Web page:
- Remember to always thank season ticket holders and ALL purchasers of ticket packages. And I mean more than a thank you letter. A free pair of tickets to a game next season or a food voucher is a start.
- Open dome policy. Unless it rains or snows. Of course. There’s just something about being outdoors.
- The Argos (yes, them again) have a Double Blue Crew that give away prizes during the game in ALL levels and are very visible. Idea?
- Free baseball clinics after Junior Jays games.
- RIM purchased 25000 tickets for their employees to the U2 concert in Toronto. What has Rogers done for the Jays?
- Engage fans outside of Rogers with mobile apps and SMS.
- I remember buying tickets from Dominion (Metro) for $2 way back when. Everyone goes grocery shopping.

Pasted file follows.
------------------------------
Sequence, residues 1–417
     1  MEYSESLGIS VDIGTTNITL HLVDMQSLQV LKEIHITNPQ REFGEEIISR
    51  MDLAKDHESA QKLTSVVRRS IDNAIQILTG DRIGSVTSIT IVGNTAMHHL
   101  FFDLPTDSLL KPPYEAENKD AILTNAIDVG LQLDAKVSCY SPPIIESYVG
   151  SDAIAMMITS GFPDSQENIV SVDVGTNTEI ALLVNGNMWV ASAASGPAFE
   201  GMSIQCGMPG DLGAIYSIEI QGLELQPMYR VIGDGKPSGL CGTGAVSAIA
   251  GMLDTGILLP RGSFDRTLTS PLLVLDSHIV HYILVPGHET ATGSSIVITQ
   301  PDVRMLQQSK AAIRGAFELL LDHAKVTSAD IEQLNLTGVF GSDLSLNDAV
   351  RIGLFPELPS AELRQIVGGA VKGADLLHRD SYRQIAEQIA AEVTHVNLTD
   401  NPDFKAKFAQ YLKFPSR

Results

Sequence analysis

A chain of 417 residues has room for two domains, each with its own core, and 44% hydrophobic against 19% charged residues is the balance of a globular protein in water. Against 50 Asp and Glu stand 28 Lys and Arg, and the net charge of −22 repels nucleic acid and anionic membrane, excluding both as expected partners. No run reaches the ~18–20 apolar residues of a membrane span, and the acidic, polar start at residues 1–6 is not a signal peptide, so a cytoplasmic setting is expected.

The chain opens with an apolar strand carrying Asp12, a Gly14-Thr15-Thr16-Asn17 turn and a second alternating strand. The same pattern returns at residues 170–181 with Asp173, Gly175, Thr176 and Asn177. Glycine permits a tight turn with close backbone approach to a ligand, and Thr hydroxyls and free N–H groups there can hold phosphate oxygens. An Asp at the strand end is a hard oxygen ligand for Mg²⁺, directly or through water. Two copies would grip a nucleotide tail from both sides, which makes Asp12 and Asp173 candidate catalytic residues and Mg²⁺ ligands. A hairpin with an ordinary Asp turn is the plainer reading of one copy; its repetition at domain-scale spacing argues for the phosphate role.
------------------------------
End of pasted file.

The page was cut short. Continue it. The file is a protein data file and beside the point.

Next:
- Be more involved in the community. Collecting cans at games is great but no one knows about Jays Foundation doing stuff outside of the Dome. Are they?
- Invite former flex pack and season ticket holders to come back for special game.
- Give away more tickets via contests, Twitter, Facebook, etc…
- Promote your stars and make them household names. Aaron Hill (multiple award winner this year) should be mobbed everywhere he goes.
- Engage more with trendy and cool brands. Develop sponsorship opportunities for team and the stars so that young fans can “identify” with players and team. Cool is cool.
- More stars at Jays games and more Jays at other professional games even during off-season.
- Promote your cool in game promotions (like “run the bases”) OUTSIDE of the game. Rogers owns magazines, TV shows and radio stations. Use them. And the other guy’s as well.
- I know the Jays don’t have pin stripes. So, stop changing uniforms and let’s try to create some nostalgia.
- Make every game/series a must attend event. Remember AJ Burnett’s return to face Doc earlier this year? Promote, promote, promote.